is the economic centre and State capital
of Queensland, with a year round warm subtropical climate. Australia’s
fastest growing city, it is the entrance to many coastal resorts
and itself offers many attractions. Probably the
most famous and wonderful of these is the Lone Pine Koala Sanctuary,
which can be reached via a river cruise.
The Botanic Gardens is a brilliant shady reserve at the
south end of the city centre, accessible by a new footbridge. City
Hall in King George Square houses a museum, art gallery
and a clocktower observation deck.
Other buildings worth visiting include the State Parliament
House with its glittering copper roof, St John’s
Cathedral, The Mansions and the Old Windmill, the city’s oldest
surviving building and once a treadmill worked by convicts.
The Queensland Cultural Centre at South Bank encloses
the Queensland Art Gallery, Queensland Museum and Performing Arts
Centre. The South Bank Parklands, on the site of the 1988 World
Expo, brags an interesting Maritime Museum and an enormous artificial
The Brisbane Powerhouse is a energetic alternative arts
venue, and the looming art deco Castlemaine Brewery offers enjoyable
daily tours with samples of its famous product. Brisbane’s
many festivals are another main attraction, please see our festivals
- events section for further information.
Known to some as the best beach area in the country, the Gold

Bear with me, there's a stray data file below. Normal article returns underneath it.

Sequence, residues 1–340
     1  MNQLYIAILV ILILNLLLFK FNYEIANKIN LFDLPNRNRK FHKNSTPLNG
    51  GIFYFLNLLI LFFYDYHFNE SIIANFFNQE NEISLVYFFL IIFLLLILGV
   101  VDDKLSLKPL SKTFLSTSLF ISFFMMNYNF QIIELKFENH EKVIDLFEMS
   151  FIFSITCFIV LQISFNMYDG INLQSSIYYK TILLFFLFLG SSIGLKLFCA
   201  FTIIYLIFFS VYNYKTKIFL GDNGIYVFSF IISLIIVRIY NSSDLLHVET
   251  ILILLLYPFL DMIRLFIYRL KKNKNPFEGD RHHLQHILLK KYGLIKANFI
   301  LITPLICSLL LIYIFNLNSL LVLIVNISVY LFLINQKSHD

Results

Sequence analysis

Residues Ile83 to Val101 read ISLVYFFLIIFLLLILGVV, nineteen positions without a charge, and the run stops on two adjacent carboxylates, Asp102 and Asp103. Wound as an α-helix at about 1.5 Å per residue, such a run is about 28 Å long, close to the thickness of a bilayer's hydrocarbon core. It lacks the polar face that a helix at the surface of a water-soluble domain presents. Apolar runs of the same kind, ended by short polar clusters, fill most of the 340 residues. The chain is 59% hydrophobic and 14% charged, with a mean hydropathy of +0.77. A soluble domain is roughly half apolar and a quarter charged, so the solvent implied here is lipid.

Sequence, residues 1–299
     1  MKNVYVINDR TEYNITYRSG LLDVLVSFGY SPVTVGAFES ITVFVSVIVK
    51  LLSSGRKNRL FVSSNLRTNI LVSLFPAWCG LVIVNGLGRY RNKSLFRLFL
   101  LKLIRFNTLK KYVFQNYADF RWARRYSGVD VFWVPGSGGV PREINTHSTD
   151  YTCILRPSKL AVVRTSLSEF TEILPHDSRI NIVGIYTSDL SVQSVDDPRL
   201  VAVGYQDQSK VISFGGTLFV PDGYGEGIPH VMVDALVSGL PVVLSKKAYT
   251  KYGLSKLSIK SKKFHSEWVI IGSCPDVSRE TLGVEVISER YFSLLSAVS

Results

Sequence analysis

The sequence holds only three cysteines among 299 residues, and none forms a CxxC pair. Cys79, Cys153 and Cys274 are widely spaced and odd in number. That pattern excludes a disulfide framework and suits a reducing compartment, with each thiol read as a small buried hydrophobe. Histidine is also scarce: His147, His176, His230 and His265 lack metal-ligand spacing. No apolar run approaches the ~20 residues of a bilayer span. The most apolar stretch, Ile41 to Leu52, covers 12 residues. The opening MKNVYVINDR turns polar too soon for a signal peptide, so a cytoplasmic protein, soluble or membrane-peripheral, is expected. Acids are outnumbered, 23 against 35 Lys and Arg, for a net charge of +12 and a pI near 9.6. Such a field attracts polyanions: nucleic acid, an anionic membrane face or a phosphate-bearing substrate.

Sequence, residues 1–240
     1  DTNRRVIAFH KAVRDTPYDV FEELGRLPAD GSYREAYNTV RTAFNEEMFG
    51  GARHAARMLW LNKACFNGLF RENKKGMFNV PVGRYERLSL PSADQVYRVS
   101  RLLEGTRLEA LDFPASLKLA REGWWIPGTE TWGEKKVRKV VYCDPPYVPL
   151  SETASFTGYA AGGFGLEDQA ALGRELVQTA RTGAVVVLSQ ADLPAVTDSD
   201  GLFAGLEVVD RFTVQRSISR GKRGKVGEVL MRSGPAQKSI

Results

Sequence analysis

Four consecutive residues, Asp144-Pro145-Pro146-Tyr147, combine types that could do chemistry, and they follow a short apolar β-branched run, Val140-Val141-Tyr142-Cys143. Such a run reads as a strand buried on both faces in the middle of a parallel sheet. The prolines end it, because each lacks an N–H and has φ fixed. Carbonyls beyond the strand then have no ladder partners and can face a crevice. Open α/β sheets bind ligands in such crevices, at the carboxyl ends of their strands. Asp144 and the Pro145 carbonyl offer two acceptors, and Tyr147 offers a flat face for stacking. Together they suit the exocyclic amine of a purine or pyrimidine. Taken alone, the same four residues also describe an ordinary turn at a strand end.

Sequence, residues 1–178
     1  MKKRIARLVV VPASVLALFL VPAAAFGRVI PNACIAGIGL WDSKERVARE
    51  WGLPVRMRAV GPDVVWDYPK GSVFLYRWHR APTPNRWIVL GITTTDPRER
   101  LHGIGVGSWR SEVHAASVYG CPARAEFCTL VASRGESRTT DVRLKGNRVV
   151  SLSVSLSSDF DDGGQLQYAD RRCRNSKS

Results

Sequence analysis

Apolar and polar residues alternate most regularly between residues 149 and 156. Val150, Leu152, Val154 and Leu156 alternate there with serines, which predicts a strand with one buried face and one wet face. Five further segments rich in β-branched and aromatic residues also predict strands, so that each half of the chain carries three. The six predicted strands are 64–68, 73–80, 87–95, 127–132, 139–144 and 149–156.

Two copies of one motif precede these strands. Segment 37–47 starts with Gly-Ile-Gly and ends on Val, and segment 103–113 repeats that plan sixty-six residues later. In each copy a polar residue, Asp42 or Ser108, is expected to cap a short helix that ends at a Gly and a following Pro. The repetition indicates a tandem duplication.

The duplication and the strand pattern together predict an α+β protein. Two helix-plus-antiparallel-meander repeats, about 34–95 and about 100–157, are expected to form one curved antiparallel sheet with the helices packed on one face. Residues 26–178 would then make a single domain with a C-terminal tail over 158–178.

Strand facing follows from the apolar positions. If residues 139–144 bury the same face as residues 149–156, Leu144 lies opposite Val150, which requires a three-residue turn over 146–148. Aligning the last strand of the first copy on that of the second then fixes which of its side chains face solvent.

Coast region 80 kilometrtes (50 miles) south of Brisbane
comprises 42 kilometres (25 miles) of white surf beaches, theme
parks (Sea World, Movie World and Dreamworld), a casino, hotels
and restaurants. Also, it has year round sunshine and lively tourist
The partying is never ending at Surfers Paradise,
a Miami style high rise strip overlooking a crowded beach. Inland
are rainforests, lush green mountains, walking trails and scenic
villages. Nature lovers will also welcome the Lamington National
Park in the McPherson Mountains, and the Currumbin Bird Sanctuary.
An hour’s drive north from Brisbane, the Sunshine
Coast offers miles of untouched lakes, wilderness, mountains
and un spoilt beaches with surf ranging in condition from mild to
wild. Arts and crafts trails, nature walks and inspirational views
can be found in the hinterland, where the Glasshouse Mountains can
Cairns is the main gateway
to the far north. As well as the Barrier Reef, there are rainforests
in the Atherton Tableland to the west, and to the south is Mission
Beach with 14 kilometres (9 miles) of white sandy beaches, looking
out to Dunk Island.
To the north, there is the delightful old town of Port Douglas
attracting many visitors, as well as Daintree, which has services
to Cape Tribulation National Park, and Cooktown, close to Endeavour
National Park where brilliant examples of Aboriginal rock art can
be found. Past this lies the wilderness of Cape York Peninsula.
Townsville is North Queensland’s largest
city, boasting a casino and an international airport. Cruises are
available to nearby islands, as are trips to the Barrier Reef for
diving, whitewater rafting or walking. This pleasant city, its streets
lined with palm trees and tropical flora, has several interesting
attractions on offer, such as ReefHQ, the largest
coral aquarium in the world, with a transparent walk in tunnel,
and Magnetic Island, a resort island with superb beaches, bush walking
tracks, diving opportunities and a koala sanctuary, only 8 kilometres
(5 miles) offshore and a 25 minute ferry ride from the city centre.